Iowa state senator and US Senate candidate Joni Ernst (who we’ve written about before) is a very busy person these days. On top of her current legislative duties and all that time talking to voters on the campaign trail, she has to keep track of her opponent, Congressman Bruce Braley. This may be a more challenging task than usual, given his rather strange obsession with chickens. But that’s a story for another day.

We were quite fortunate that Joni took time out of her schedule to handle a few questions for Hot Air’s readers this week. And here’s how it went.

Hot Air: Thank you for talking to us, and also thank you for your service to our country. On the subject of military service, President Obama still seems to be on track to either end our presence in Afghanistan next year or significantly reduce it. Do you believe that a residual force of Americans and our allies in that nation is in our best interests, and if so, how large should that force be?

Lieutenant Colonel Joni Ernst: As a soldier and combat veteran, I believe American military forces should only be used in the defense and furtherance of our nation’s vital interests. When we do go to combat, it should be with a defined mission and a plan for withdrawal. As a U.S. Senator, I would demand answers to the following questions before supporting foreign military action:

• Has the administration given us a thorough explanation as to why U.S. military force is being requested, including actionable intelligence that supports the call for arms?
• Has the administration presented a clear, well-defined mission? In other words, what exactly are we asking our troops to accomplish, what will it take to get the job done effectively, and how long will our men and women in uniform be in harm’s way?
• Do our military leaders have the assets, manpower and logistical support required to accomplish the mission?
• Have we been given guarantees, and have funds been appropriated to back them up, that once the mission is accomplished and our troops are headed home, that the welfare of our troops, and their families, will remain a priority?

HA: Bruce Braley has recently been making the case that you oppose a federally mandated minimum wage. Just to clarify for our readers, what is your position on the minimum wage, either federally or at the state level?

JE: I grew up working for the minimum wage at Hardee’s and knows first hand how important the minimum wage is. I support a state based minimum wage so every state can set their own minimum wage based on their cost of living. . What’s right for New York or California, is not necessarily right for Iowa.

HA: I think anyone with a sense of humor enjoyed your widely publicized campaign advertisement about cutting pork. But cost cutting in the federal bureaucracy is a serious matter. While we need to watch every tax dollar carefully, the biggest drivers of future deficits are entitlement programs. How can Congress approach this challenge when all previous attempts at serious entitlement reform have failed?

JE: We need to preserve programs like Social Security and Medicare for our seniors of today and tomorrow. But we need to strengthen both Social Security and Medicare to make sure these programs are still available for future generations. It will take hard work, but doing nothing on Social Security, for example, simply makes sure the system will go broke. It’s time to make some reforms.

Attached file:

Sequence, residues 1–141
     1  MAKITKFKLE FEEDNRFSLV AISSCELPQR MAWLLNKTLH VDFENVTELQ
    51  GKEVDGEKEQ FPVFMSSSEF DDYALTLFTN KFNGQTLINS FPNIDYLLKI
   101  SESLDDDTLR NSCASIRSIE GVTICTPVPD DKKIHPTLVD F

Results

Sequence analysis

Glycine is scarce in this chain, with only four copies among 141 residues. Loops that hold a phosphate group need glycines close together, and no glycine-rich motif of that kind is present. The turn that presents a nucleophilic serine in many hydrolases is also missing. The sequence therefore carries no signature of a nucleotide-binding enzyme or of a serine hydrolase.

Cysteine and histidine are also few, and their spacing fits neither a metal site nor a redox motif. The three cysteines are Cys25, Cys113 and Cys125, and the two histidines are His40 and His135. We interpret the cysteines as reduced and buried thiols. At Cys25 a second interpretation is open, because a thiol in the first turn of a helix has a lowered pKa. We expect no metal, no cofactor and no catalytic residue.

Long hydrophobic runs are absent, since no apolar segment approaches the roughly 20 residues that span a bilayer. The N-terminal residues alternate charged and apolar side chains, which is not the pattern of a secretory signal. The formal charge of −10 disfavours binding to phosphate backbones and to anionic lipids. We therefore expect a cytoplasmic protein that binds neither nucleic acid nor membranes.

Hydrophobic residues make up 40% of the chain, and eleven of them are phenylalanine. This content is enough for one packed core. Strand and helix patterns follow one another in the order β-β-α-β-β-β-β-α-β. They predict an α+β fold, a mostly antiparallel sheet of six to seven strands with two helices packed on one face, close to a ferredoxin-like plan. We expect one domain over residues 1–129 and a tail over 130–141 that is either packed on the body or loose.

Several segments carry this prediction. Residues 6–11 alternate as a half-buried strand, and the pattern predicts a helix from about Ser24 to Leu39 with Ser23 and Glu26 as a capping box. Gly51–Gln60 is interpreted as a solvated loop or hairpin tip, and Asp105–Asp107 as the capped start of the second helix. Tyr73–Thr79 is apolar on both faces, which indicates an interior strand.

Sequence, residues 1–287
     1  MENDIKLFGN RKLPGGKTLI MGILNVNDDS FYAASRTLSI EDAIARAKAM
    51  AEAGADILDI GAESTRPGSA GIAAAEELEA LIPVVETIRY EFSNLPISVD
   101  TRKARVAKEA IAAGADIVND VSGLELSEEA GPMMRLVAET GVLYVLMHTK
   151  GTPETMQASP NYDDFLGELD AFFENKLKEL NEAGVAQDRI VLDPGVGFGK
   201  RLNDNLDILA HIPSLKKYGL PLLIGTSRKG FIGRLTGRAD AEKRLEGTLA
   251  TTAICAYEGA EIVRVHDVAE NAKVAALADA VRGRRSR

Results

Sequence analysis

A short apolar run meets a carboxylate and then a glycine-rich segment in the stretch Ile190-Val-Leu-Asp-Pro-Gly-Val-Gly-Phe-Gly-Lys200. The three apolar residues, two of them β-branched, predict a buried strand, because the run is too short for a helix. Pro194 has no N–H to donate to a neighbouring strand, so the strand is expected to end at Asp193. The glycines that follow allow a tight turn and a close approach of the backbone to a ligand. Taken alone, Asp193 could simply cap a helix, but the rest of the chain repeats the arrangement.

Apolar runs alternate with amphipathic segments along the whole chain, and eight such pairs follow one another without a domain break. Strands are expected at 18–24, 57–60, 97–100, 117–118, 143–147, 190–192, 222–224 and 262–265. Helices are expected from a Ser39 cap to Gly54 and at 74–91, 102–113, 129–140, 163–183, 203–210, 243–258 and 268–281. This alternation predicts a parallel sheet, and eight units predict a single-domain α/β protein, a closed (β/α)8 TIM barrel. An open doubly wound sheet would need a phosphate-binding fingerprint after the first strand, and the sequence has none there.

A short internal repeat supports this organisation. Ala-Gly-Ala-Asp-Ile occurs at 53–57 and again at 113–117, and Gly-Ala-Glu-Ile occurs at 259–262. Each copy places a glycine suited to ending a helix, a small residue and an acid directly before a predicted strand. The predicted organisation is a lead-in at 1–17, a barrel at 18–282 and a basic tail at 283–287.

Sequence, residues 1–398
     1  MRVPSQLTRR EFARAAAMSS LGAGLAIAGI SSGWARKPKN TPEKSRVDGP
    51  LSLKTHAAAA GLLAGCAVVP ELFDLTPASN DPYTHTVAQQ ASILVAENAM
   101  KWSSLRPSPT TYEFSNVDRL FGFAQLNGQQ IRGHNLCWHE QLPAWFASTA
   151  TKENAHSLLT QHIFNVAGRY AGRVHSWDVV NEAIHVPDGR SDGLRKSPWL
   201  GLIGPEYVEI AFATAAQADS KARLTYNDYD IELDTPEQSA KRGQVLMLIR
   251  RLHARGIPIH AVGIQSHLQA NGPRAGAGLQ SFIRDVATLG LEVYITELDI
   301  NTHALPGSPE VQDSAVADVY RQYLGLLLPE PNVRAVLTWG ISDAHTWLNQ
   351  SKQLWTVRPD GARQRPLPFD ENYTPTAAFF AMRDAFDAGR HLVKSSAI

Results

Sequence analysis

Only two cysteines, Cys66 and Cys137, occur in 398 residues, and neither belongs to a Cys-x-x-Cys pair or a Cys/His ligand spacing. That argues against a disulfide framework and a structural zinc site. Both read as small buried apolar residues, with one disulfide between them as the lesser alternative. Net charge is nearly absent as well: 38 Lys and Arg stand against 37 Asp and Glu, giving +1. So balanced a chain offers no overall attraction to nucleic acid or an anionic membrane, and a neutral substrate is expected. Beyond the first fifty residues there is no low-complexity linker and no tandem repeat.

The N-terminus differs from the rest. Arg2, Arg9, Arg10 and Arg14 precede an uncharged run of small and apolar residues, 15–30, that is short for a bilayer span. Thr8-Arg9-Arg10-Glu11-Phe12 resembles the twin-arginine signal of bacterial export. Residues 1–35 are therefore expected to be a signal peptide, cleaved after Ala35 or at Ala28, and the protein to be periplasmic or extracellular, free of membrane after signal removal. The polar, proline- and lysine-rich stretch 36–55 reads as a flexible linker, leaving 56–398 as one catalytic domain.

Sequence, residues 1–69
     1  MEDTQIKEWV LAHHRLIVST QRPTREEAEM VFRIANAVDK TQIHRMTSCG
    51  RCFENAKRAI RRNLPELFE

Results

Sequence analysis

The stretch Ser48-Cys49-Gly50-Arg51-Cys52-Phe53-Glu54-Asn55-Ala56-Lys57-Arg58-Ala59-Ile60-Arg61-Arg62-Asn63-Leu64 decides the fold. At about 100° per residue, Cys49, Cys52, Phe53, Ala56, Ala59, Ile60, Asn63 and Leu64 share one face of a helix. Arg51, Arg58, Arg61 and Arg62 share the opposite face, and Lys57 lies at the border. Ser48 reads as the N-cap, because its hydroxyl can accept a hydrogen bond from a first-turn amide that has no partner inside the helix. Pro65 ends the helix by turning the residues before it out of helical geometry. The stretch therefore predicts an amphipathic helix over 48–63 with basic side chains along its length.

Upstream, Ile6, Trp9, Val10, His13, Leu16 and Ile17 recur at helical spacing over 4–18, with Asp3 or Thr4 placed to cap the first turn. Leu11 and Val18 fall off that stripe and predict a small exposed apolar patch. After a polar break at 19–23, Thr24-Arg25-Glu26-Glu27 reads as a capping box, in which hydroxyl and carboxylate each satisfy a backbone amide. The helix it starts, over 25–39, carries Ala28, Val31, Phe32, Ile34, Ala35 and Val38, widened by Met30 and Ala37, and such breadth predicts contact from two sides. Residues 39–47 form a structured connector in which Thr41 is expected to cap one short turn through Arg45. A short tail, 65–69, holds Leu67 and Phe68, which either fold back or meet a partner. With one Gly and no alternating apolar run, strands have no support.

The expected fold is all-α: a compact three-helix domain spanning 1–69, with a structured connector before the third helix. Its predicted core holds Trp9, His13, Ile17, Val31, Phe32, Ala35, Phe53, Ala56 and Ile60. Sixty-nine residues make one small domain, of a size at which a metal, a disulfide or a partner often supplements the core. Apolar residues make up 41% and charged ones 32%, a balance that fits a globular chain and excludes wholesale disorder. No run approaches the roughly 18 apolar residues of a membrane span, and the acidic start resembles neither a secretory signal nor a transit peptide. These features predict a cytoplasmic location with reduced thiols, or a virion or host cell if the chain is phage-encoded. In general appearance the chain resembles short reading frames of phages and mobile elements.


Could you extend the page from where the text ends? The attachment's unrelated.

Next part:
HA: If Republicans retake the majority in the Senate this fall, it will the first opportunity in some time to send serious legislation to the President’s desk. As a Senator, where would you like to see the priority set for new bills?

JE: We need to repeal and replace Obamacare. It is the largest tax in U.S. history, has proven to be a job-killer, and has driven up the cost of healthcare. Healthcare should be about market driven solutions, not government mandates. We need to balance the budget and force Washington to stop spending more than it takes in. And as a veteran, I believe we have a responsibility to take care of all our men and women who have served – and I will fight to fix the crisis at the Veterans Administration caused by negligent leadership in Washington.

HA: Every election cycle we hear speeches from politicians about the need for tax reform, yet once the election is over the subject seems to disappear. How would you reform the nation’s tax system if elected?

JE: In the Iowa senate, I helped pass the largest tax cut in state history – returning over four billion dollars in savings and putting more money back in the pockets of hard-working Iowa families. In the U.S. Senate, in the short term we need to reduce the tax burden on hard working individuals, families, and small businesses. Over the longer term, we need to work toward a pro-growth tax code that is fairer and simpler than what we have now. Anything that meets those criteria is going to be better than the failing and dysfunctional tax code we have today.

HA: Thanks for taking the time to answer a few questions for us. In closing, what are the issues most important to the people of Iowa that you’ll be focusing on for the duration of this campaign?

JE: Healthcare costs are rising due to Obamacare. Our farmers are worried about the impact of new rules proposed by the EPA. Iowans are feeling the pinch of a big federal government, and elected officials like Bruce Braley keep championing the over reaching bureaucracy. Iowans know what is best for Iowa more than Washington politicians and bureaucrats do. Here in Iowa, as a state senator, I have worked hard to find solutions that work for our state and as a result we’ve reduced taxes and lowered the unemployment rate. We have done that through hard work and sticking to our Iowa values. In the final months of this campaign I’ll be asking voters to send me, and those Iowa values, to Washington, D.C.